A drug used to treat erectile dysfunction has been found to improve heart function in children and young adults, say researchers.
Single-ventricle defects are a collection of cardiac malformations that impair the heart's ability to pump blood. Examples include tricuspid atresia, pulmonary atresia/intact ventricular septum and hypoplastic left heart syndrome.
The new study led by The Children's Hospital of Philadelphia revealed that patients with single-ventricle congenital heart disease reported improvement when treated with drug sildenafil.
The Fontan operation is a procedure that redirects systemic venous blood directly to the pulmonary arteries, bypassing the heart. It is the third surgery in a staged palliation for single-ventricle heart defects.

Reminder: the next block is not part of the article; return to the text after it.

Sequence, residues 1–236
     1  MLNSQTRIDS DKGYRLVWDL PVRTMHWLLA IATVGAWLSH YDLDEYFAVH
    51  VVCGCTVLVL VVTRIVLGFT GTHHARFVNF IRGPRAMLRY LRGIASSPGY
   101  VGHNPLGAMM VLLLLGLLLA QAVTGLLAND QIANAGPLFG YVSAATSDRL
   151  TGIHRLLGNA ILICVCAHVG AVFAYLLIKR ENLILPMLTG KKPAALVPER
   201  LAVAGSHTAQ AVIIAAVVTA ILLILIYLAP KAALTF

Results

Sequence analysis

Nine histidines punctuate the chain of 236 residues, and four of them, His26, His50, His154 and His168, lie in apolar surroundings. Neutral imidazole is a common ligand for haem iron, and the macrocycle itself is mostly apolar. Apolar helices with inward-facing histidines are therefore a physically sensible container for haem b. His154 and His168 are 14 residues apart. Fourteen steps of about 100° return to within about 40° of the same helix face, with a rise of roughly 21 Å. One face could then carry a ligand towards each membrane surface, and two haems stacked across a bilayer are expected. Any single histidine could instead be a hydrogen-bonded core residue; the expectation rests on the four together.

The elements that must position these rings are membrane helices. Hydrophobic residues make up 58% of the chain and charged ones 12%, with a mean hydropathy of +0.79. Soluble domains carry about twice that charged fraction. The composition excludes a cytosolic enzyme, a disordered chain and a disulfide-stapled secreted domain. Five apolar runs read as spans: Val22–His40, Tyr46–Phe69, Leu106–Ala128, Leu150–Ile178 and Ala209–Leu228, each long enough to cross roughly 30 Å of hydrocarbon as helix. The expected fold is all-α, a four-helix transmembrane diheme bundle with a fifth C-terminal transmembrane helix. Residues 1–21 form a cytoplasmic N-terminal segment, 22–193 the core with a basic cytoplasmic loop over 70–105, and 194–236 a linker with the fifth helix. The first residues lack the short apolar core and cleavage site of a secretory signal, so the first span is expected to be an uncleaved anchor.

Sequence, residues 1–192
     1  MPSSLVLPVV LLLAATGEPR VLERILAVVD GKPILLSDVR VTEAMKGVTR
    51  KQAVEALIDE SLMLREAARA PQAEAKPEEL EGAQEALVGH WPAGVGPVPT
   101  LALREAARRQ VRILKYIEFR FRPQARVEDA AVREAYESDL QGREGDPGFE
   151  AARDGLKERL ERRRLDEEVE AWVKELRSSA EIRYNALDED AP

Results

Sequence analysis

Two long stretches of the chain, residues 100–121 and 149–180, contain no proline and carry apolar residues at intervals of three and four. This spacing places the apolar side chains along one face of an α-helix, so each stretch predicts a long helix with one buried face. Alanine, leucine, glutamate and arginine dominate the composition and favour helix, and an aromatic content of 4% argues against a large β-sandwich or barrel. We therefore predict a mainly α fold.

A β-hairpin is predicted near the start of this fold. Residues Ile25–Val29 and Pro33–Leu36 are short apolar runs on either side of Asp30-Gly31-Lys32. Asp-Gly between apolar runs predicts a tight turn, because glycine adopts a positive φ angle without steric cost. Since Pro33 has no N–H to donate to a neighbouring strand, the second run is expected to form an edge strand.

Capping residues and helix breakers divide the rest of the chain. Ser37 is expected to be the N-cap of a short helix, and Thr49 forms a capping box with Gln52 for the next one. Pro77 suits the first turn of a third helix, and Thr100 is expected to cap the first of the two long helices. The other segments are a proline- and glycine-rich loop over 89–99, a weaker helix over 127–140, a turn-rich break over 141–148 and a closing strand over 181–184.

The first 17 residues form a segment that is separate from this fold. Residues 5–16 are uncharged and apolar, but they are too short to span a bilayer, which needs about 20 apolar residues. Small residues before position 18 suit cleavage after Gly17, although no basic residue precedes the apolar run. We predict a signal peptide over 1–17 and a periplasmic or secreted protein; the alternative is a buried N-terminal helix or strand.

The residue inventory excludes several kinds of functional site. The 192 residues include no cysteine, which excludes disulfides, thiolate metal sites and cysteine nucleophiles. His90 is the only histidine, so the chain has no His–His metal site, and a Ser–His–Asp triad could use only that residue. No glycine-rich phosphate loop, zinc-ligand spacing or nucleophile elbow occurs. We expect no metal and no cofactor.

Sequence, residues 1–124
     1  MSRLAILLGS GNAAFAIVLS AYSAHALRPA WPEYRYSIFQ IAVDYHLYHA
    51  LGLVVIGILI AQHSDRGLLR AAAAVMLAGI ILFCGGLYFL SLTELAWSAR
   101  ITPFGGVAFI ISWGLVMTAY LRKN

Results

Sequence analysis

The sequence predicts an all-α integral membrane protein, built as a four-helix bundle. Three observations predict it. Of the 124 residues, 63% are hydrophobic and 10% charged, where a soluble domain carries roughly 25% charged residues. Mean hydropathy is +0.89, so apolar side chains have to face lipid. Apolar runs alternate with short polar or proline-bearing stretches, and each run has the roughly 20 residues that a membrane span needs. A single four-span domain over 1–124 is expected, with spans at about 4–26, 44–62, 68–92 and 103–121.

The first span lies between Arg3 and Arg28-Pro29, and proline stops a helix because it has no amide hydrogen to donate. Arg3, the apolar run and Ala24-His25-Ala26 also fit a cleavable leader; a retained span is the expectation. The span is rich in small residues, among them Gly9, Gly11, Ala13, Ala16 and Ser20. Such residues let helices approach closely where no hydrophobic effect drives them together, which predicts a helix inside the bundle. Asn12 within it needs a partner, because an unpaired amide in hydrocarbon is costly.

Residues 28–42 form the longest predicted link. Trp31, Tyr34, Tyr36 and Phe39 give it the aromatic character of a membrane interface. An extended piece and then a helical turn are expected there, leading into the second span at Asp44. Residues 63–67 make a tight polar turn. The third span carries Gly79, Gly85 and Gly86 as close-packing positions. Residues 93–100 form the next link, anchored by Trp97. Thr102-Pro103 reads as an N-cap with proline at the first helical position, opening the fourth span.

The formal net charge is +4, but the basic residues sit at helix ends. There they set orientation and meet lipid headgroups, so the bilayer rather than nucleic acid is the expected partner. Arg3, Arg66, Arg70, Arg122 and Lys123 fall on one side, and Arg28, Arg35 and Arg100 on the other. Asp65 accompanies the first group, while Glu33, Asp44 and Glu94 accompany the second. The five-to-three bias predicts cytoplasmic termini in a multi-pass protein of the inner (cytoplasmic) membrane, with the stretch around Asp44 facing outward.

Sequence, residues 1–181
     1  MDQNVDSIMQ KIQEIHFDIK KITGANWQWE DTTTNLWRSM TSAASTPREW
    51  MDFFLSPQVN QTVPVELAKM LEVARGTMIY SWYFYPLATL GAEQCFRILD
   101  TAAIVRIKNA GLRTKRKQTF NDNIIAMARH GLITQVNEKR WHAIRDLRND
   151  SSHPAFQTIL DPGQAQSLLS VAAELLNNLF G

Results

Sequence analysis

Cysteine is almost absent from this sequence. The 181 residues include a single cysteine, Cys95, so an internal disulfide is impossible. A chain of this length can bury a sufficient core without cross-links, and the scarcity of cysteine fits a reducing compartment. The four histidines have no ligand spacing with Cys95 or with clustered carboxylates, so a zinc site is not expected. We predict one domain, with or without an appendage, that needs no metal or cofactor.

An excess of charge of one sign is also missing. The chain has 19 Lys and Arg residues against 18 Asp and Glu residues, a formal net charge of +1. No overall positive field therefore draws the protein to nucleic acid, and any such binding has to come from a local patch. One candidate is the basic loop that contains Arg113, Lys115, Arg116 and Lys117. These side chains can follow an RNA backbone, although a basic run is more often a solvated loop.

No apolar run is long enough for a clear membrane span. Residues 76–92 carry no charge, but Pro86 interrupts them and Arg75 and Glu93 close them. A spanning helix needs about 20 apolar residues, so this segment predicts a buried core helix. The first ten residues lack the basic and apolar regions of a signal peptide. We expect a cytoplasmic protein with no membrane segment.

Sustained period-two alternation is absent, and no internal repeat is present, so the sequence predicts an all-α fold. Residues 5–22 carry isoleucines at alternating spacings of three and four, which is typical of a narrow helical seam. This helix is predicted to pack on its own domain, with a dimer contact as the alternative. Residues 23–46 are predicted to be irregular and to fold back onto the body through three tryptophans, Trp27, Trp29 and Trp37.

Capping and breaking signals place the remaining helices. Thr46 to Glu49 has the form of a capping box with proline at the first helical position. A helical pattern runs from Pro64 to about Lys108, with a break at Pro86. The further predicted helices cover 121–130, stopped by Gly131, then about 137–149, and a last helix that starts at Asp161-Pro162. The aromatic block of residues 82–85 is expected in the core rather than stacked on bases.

The researchers hypothesized that sildenafil may help cardiac performance by directly improving the squeeze of the heart muscle and by allowing for better filling of the heart.
During the study, researchers randomized 28 children and young adults who had undergone the Fontan operation to receive placebo or sildenafil three times a day for 6 weeks. After a 6-week break, subjects were switched to the opposite treatment course.
They found significant improvement in heart performance during treatment with sildenafil.
"The enhanced heart performance may improve exercise performance and quality of life in these children and young adults," said David J. Goldberg, M.D., pediatric cardiologist at The Children's Hospital of Philadelphia,
The study was presented at the American Heart Association Scientific Sessions in Orlando, Fla.